Chris Lamothe, Tulane quarterback Tanner Lee’s position coach back at Jesuit High School, used to teach him that “the quickest way to learn is from messing up.”
If so, that means Lee learned a ton last season.
As a redshirt freshman, Lee finished 10th in the 11-team American Athletic Conference in quarterback rating with 14 interceptions vs. only 12 touchdowns — 4 vs. 0 in the Green Wave’s last three games — all losses which reduced the final record to 3-9, 2-8 with Lee starting.
But despite the availability of two other players with starting experience, Lee never asked to be relieved and Tulane coach Curtis Johnson never took him out, figuring that the experience was worth more than any potential damage to Lee’s psyche or his health.
Whether Lee’s hard knocks of 2014 pay off in 2015 will begin to manifest itself a week from now when the Wave opens against Duke at Yulman Stadium.
“I feel like the pressure and responsibility on me is the same as it was last year,” Lee said after practice Wednesday. “But my confidence level is like night and day.
“I just see everything more clearly and I can run the play 100 times better than I did last year. I’m bringing everything positive to the table, which makes everybody around me more comfortable.”
Physically, Lee has worked on his footwork, especially in dropping back. Mentally, it’s been concentrating on good decision-making, going through his reads quicker but without forcing the throws.
That would be a major improvement. Last season, many of Lee’s passes were painfully telegraphed and were turned into pick-sixes, two in the 38-7 loss to Memphis which clinched a losing season.
“Tanner’s letting the offense come to him more,” offensive coordinator Eric Price said. “And we’re taking a little pressure off of him.
“He’s spent hours watching film since the end of spring practice, and he made some really good plays during training camp. We feel like he’s ready.”
Lee didn’t limit his learning experiences either. He was a counselor at the Manning Passing Academy, where he soaked up all he could from Peyton and Eli along with his 40 fellow Division I quarterbacks. And he spends all of the time he can with former Tulane quarterback Ryan Griffin of the Saints.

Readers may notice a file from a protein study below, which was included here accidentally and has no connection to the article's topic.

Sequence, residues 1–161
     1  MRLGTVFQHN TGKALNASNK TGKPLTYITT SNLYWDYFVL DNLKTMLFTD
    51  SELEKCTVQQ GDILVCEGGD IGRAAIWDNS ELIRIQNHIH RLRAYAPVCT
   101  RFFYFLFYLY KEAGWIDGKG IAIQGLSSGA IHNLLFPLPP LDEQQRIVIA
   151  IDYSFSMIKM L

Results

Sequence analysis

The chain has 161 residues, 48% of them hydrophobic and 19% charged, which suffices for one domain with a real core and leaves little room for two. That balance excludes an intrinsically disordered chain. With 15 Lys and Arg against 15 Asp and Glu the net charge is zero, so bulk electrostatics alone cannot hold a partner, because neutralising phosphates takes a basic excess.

Lee didn’t limit his extra time to himself as well. He regularly badgered the Wave’s backs and receivers into coming to spontaneous workout sessions.
It’s all, as Lee sees it, part of being a quarterback, That’s the only position he’s ever played, dating to flag football and St. Charles Borromeo Elementary in Destrehan.
“At Jesuit, it was always instilled in me that I’ve got to be the leader of the team, learning everybody else’s assignments, being the most disciplined person and never forgetting that everyone else is looking to you,” he said. “It sort of comes naturally with playing the position, too.
“It’s never hit me as some kind of foreign thing.”
That was in high school, though, where the pressure on the quarterback both to lead and to be the key to the team’s success isn’t quite so heavy or so public.
At Tulane, which Lee chose after Johnson’s offer was the first he received, he’s being expected to lift his hometown university, one whose success in this century has been limited (3.9 victories per season), one who is fighting to regain local attention, especially after last season, and one whose potential for success this season rests largely on getting improved quarterback play.
With the glaring exception of place-kicker, all of the other elements needed for the Wave to be at least competitive are in place.
That’s why so much is riding on Lee.
Frankly, Tulane cannot afford to go 3-9 again without negative ramifications for the program. Lee admits he doesn’t relish the prospect of facing two more years of rebuilding.
But that bit of negativity passes quickly.
“Every quarterback in the country is expected to carry his team to a winning situation,” he said. “I’m blessed to have the unbelievable opportunity to play in front of my friends and family, which is something I cherish every day.
“Winning burns at me, which is why I’ve put in all of the extra work. But I also want to win for my team, my coaches, my school and my family.”
That would be nice.
But from the outside, at least, the expectation level for Tulane is about what it usually is.
The Wave will open as double-digit underdogs at home against a team that beat it 47-13 last season. Tulane is picked fifth in the AAC West.
Lee isn’t deterred.
“We expect to win every game,” he said. “I haven’t heard anybody on this team who says they look at any team we play and thinks we have no shot at them.”
So will the Wave start the season by shocking the college football world?
“That’s the plan,” Lee said. “We’ll be shocking everybody but ourselves.”
Sounds like confidence is something else they teach you at Jesuit.
And in Tanner Lee’s case, he’s going to need it.